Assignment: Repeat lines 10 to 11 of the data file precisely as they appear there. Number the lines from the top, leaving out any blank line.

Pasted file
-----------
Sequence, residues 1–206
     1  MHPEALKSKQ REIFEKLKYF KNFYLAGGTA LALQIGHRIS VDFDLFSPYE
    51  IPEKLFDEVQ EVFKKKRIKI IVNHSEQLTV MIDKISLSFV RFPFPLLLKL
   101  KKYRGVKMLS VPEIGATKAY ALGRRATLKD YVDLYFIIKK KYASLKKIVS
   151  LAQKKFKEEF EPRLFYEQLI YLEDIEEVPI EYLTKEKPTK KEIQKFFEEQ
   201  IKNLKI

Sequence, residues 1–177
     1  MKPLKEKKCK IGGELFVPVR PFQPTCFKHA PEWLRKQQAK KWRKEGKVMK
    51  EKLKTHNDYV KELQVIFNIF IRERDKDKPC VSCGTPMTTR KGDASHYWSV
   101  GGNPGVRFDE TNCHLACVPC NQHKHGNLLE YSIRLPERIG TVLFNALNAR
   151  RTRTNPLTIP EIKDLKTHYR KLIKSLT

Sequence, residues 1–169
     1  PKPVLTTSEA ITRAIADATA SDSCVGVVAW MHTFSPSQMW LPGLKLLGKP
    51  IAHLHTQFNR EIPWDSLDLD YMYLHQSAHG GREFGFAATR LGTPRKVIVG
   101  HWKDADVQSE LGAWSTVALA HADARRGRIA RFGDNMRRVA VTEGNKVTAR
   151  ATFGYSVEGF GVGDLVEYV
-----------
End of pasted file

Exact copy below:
   101  GGNPGVRFDE TNCHLACVPC NQHKHGNLLE YSIRLPERIG TVLFNALNAR
   151  RTRTNPLTIP EIKDLKTHYR KLIKSLT